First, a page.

The stories in The Apple's Bruise take a smart and unflinching look at love, frailty, and happiness and prove beyond doubt that Glatt is a modern master at blending heartbreak and hilarity. In “Dirty Hannah Gets Hit by a Car,” a seven-year-old girl bullied by a neighbor across the street gains strength after a serious accident; in "Animals," a zoo veterinarian from a family of butchers tries at once to deal with his marital problems and the high rate at which his animals are dying; and in “Soup,” a young widow tries to reconcile her feelings for her teenage son's friend, the town delinquent.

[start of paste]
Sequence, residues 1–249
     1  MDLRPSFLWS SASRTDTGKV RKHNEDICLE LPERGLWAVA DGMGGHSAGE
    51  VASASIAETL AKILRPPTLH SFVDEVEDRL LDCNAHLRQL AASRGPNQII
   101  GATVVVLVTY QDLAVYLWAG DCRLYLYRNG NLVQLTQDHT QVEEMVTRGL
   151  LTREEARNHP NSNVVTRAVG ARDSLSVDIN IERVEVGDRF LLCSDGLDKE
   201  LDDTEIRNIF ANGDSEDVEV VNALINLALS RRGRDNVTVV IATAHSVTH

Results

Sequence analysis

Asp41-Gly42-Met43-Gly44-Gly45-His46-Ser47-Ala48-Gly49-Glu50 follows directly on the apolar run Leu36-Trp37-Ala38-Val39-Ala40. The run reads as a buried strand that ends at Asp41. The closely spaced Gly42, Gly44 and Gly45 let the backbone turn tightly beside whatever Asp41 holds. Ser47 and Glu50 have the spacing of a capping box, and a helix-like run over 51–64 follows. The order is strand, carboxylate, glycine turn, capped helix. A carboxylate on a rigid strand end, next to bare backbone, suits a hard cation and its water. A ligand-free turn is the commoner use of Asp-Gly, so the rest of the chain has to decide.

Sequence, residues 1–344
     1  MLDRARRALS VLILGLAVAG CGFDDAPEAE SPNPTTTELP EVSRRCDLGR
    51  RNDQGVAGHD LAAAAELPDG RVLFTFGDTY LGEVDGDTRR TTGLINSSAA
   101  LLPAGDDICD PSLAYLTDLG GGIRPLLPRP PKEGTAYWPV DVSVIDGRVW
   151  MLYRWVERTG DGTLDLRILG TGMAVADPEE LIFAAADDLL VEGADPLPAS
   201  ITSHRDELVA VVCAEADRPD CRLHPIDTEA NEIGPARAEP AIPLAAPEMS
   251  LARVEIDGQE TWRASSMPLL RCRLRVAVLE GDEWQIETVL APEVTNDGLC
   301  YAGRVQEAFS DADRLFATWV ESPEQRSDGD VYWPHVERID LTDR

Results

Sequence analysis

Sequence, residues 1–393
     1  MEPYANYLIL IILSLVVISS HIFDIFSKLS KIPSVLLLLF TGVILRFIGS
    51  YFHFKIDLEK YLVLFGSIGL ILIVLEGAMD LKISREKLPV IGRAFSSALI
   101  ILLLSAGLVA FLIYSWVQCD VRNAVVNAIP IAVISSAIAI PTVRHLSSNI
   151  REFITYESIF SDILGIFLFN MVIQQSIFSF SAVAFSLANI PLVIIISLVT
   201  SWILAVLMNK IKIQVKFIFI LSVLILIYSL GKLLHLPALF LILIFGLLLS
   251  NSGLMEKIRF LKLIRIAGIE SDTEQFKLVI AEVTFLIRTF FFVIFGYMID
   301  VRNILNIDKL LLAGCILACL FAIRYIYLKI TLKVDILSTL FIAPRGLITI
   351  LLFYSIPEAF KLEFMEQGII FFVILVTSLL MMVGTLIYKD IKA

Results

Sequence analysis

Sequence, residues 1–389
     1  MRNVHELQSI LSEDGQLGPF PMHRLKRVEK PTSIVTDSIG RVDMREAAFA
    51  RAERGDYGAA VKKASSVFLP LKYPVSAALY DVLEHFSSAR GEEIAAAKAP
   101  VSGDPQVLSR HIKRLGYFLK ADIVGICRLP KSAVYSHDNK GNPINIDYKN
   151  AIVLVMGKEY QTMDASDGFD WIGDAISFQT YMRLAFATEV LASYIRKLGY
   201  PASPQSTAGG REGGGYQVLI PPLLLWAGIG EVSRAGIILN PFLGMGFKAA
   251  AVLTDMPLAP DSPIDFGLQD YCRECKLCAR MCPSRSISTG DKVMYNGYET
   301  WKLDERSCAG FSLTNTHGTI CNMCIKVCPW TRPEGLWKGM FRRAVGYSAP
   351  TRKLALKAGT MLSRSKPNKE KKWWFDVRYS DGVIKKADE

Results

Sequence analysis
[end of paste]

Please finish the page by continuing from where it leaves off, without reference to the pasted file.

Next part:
With tenderness, insight, and humor, Glatt casts her gaze simultaneously on the beauty and the absurdity of our humanity, creating unforgettable portrayals of unusual characters and the complexities of desire and fidelity that compel them.
“There's a quality to the best literary fiction
that I've come to call 'ominosity.' It's not a writers' workshop thing,
like tension or conflict, nor what you feel reading a thriller or a detective
story. It's not a mere mood, like noir. It's bigger, deeper, like an earthquake.
Ominosity is a cultural tremor; it's in the pores of fiction, a kind of
warning. Lisa Glatt . . . has got ominoisty.”